Replacing a light switch

Not a metaphor, just a light switch that was getting unreliable:

Light switch
So here’s the switch, made about 45 years ago by the GE corporation. Let’s take it apart!
Light switch showing interior dust
Over long periods of time, dust in an old house works its way into everything, including electrical switches. The dust causes poor conduction in the switch contacts
Switch contacts arranged side by side
Here are the switch contacts, normally facing one another. But I’ve flipped one over so we can see them both.
Light switch contacts pitted by arcing
In extreme close-up, we can see that the result was an electric arc where the dust interfered with switch contact. Notice that the brass is discolored from heat, and some of the metal face of the contacts has been vaporized. Most interesting, one of the contacts, which are 3 mm in diameter, got so hot it developed a circular crack around the point of poor contact.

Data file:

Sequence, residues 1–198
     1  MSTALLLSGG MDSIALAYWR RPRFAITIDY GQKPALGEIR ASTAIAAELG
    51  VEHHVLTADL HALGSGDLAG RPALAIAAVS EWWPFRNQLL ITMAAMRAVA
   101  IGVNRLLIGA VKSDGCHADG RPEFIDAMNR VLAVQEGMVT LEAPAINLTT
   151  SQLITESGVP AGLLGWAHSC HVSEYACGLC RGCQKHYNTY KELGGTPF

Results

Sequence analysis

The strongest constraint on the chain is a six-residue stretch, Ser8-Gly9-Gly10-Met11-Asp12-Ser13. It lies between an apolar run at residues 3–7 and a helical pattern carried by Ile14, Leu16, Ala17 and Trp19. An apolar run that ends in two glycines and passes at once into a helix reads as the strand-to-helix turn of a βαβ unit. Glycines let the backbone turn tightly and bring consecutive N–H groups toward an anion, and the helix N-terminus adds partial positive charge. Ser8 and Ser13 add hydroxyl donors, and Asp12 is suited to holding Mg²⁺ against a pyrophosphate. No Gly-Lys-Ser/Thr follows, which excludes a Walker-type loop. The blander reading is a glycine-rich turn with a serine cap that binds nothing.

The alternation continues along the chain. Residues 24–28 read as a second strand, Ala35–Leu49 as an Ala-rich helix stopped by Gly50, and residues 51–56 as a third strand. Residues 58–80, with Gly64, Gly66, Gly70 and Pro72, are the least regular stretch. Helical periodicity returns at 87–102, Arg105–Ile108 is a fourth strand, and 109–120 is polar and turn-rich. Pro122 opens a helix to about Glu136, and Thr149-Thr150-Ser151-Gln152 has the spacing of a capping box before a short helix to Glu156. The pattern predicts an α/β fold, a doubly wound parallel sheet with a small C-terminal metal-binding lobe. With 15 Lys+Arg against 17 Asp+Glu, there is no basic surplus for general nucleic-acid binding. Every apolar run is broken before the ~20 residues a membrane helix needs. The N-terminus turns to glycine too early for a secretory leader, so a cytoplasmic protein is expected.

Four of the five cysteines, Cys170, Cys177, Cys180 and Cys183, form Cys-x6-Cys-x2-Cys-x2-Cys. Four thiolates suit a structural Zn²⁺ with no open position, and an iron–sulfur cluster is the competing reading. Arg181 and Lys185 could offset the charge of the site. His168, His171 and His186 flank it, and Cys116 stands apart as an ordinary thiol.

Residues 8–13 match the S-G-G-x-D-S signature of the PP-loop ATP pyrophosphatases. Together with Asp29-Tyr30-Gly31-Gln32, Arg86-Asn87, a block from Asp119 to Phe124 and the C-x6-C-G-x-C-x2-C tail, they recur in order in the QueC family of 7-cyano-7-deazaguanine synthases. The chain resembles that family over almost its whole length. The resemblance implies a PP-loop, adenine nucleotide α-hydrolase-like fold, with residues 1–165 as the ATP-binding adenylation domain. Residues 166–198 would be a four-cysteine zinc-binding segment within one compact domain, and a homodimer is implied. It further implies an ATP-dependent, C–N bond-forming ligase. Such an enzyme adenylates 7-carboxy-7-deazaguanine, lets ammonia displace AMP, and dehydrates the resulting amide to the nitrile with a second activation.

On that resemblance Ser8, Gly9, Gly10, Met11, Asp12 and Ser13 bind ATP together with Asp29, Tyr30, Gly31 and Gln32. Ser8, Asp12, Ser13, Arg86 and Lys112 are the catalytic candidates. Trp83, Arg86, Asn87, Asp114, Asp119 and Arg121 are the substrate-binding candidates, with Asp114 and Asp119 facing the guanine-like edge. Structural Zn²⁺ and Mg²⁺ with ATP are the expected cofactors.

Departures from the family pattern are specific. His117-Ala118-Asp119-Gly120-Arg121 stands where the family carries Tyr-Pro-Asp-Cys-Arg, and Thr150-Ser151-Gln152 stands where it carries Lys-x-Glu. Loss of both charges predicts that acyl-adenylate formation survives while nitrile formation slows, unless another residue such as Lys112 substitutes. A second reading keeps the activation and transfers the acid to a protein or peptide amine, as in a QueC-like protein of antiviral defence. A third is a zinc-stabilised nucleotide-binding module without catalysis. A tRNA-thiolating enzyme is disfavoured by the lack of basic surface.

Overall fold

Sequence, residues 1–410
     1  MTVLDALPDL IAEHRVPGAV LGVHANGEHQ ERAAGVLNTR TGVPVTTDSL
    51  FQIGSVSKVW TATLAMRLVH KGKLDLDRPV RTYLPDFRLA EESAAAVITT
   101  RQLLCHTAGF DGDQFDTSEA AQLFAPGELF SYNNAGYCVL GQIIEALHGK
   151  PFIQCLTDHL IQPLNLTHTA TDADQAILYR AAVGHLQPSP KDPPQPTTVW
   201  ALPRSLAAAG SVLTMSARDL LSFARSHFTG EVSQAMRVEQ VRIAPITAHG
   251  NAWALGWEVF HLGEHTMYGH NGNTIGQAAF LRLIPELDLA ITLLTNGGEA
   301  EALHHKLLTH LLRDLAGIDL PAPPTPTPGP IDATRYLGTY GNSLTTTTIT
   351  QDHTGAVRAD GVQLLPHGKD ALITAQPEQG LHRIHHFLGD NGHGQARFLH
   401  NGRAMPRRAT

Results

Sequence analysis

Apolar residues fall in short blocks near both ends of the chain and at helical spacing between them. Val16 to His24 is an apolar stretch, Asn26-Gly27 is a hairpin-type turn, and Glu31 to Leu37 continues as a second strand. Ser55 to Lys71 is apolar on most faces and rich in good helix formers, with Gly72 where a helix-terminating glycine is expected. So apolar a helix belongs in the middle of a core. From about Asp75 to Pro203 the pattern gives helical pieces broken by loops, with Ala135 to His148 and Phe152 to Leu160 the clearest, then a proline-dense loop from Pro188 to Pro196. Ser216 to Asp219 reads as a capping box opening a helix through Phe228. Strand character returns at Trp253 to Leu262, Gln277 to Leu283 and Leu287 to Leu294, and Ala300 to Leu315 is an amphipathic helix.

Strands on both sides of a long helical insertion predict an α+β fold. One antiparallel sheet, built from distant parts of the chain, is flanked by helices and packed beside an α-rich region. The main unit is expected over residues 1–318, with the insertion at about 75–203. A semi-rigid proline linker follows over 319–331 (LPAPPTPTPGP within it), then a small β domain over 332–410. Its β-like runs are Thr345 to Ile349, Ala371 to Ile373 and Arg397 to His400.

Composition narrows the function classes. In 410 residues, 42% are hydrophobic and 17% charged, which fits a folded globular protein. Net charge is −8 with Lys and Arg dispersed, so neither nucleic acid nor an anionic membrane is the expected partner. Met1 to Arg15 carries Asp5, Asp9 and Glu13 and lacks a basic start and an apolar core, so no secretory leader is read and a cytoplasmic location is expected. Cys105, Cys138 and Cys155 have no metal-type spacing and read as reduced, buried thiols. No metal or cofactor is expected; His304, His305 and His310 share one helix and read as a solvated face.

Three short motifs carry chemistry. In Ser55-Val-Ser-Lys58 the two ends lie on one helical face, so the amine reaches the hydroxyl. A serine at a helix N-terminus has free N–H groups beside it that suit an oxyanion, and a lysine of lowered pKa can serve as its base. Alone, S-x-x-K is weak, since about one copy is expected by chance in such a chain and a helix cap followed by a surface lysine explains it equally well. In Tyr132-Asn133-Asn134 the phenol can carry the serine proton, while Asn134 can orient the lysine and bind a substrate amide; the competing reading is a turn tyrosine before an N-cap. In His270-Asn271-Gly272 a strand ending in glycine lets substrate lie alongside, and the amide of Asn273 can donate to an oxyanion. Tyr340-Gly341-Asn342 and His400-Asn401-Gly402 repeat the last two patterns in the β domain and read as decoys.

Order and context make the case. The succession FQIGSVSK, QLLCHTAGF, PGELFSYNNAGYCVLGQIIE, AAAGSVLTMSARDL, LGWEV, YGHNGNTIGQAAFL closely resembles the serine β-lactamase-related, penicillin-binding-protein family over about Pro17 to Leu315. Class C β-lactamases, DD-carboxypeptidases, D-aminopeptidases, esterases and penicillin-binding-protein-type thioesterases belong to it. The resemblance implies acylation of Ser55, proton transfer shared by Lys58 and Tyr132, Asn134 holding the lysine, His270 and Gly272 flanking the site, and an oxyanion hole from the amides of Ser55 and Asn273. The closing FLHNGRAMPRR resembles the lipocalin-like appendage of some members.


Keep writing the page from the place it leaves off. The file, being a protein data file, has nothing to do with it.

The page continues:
This is normal switch wear. It only takes about five minutes to replace a switch though and it’s a couple bucks. So no biggie.
Switch contacts arranged for photography
I won’t lie, it took multiple attempts to get a passable photo of those 3mm contacts. In operation, the short contact is flipped so it is facing the long contact, which is moved by a molded cam on the switch lever itself.

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Older technology guy with photography and history background